Zella Moore, Jamie Leboff, and Kehana Bonagura

Major depressive disorder, dysthymia, and bipolar disorder are very common diagnoses seen among athletes, and they are serious conditions that can be debilitating if not properly addressed. These disorders warrant careful attention because they can adversely affect multiple domains of an athlete’s life, including athletic motivation, performance outcomes, interpersonal well-being, health, and overall daily functioning. Key foci include the prevalence of, clinical characteristics of, causes of, and risk factors for major depressive disorder, persistent depressive disorder/dysthymia, bipolar I disorder, and bipolar II disorder. Sport psychologists should integrate such important information into their overall case conceptualization and decision-making processes to ensure that athletes and performers at risk for, or struggling with, such mental health concerns receive the most effective, efficient, and timely care possible.

Article

Few practitioners or researchers in psychology would think of the 17th-century French philosopher, René Descartes, as the founding father of their discipline. Yet, it is difficult to see how psychology could have emerged as a discipline in its own right without the contributions of Descartes. Descartes’ theoretical and experimental contributions to our understanding of rationality, consciousness, sensation, feeling, attention, psychological self-regulation and voluntary action, and indeed the very concept of mind that lies at the heart of his philosophy, have been pivotal to the evolution of psychology since its emergence as a special science in the 19th-century. These contributions tend to get overshadowed by the unpalatable aspects of his dualism of mind and body and his denial of animal consciousness, doctrines for which he was and still is much pilloried. However, both doctrines are relevant to understanding how from its inception the subject matter and scope of psychological investigation was framed, for underlying the Cartesian concept of mind is not one dualism but two: a dualism of mind and body and a dualism of life and mind. The mind, for Descartes, could not be theorized on its own terms without conceiving of it at least to some extent independently of the physiological processes of the human body, on the one hand, and the life functions of biological organisms, on the other. Descartes’ legacy for psychology as a discipline is thus twofold. It created the conceptual space for the concept of mind to emerge as a threshold concept in its own right, distinct from the concept of matter that defined mechanics, and it demarcated those uniquely human capacities that enabled psychology to differentiate itself from the newly emerging evolutionary biology of the 19th-century, even though it would remain more closely aligned with biology than physics thenceforth. Without both dualisms of mind and body and life and mind, it is difficult to envisage how psychology as a special science distinct from anatomy and the life sciences could have emerged, and for this the discipline of psychology owes Monsieur Descartes a considerable debt.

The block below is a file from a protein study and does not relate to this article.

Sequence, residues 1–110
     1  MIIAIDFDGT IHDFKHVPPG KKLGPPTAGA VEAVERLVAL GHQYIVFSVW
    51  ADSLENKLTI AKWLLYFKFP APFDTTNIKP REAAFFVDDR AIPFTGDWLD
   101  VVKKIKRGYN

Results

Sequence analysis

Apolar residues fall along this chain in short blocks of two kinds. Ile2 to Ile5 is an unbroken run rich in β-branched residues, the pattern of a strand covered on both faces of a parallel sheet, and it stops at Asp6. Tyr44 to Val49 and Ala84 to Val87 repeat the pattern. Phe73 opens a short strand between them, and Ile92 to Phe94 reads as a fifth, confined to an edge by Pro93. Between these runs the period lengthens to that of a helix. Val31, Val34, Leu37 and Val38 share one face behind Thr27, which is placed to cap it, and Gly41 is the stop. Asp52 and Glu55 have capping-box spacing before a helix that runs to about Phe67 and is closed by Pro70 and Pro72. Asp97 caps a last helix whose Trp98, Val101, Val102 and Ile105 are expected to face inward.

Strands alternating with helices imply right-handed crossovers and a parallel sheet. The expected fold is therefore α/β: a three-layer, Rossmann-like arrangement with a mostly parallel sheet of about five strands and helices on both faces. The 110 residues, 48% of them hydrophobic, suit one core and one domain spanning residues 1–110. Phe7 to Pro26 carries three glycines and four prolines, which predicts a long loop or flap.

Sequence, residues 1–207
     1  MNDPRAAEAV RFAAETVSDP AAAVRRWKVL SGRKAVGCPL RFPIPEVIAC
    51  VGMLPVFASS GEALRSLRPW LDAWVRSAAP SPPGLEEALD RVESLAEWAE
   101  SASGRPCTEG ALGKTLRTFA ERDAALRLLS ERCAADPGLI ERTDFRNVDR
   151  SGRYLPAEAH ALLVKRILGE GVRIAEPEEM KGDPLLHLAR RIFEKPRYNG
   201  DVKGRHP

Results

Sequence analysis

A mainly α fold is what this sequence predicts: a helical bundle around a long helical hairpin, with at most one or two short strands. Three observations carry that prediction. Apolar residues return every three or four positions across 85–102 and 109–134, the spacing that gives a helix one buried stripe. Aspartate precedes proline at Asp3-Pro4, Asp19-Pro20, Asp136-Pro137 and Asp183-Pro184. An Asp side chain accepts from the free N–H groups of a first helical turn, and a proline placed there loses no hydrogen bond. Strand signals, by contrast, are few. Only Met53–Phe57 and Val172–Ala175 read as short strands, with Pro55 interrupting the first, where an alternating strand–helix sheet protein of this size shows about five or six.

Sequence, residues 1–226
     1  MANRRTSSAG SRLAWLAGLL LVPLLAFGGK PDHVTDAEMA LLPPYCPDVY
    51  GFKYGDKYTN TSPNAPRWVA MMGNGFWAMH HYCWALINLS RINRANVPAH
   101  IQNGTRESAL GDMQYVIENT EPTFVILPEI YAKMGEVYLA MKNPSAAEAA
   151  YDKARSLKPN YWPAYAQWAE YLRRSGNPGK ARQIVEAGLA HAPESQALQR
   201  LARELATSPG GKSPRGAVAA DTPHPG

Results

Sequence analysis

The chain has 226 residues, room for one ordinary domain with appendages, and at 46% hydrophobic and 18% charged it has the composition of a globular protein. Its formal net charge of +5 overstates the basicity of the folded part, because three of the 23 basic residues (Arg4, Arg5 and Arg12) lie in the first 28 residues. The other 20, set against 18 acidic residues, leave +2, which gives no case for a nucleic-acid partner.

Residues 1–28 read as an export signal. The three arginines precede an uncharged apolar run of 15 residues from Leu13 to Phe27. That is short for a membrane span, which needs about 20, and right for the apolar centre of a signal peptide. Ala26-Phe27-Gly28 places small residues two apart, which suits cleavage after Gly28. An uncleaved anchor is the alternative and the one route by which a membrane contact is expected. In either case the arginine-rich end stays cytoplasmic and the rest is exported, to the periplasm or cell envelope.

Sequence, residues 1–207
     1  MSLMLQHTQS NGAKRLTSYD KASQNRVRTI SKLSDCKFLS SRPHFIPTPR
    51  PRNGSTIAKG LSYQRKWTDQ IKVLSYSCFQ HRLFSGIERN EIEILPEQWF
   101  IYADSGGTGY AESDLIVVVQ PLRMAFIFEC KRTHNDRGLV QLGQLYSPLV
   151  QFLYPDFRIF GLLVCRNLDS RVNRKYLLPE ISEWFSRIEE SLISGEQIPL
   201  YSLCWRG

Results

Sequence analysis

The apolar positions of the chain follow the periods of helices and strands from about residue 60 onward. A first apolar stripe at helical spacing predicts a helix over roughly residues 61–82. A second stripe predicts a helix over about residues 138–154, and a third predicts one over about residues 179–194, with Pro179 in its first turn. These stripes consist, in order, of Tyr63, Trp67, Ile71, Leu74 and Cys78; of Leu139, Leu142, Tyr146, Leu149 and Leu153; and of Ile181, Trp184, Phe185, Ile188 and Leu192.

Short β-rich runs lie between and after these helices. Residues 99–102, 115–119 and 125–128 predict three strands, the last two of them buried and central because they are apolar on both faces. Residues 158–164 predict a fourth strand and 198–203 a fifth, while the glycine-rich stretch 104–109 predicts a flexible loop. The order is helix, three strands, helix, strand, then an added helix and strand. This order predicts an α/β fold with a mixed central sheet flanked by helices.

Article

Luc J. Martin, David J. Hancock, and Jean Côté

Talent development in sport is achieved through years of preparation and requires constant interaction between personal and contextual resources. Accordingly, extensive research has been dedicated to understanding factors that contribute to sport performance. Literature suggests the factors influencing athletic development can be classified in terms of the physical environment, the social environment, and engaging learning activities. Investigations pertaining to the physical environment suggest the importance of appropriate settings, which can relate to the sport organization or the larger community. Researchers must also cogitate the activities in which athletes take part. These considerations involve the maturational status of athletes, the volume of deliberate practice and play, and early specialization versus diversification. Finally, the salience of the social environment in relation to sport performance cannot be overlooked. Not surprisingly, the relations established with social agents (i.e., coaches, peers/teammates, parents) can facilitate or impede the developmental process. Consequently, the development of athletes in the context of sport and performance psychology extends past the individual and is influenced by several factors that must be discussed.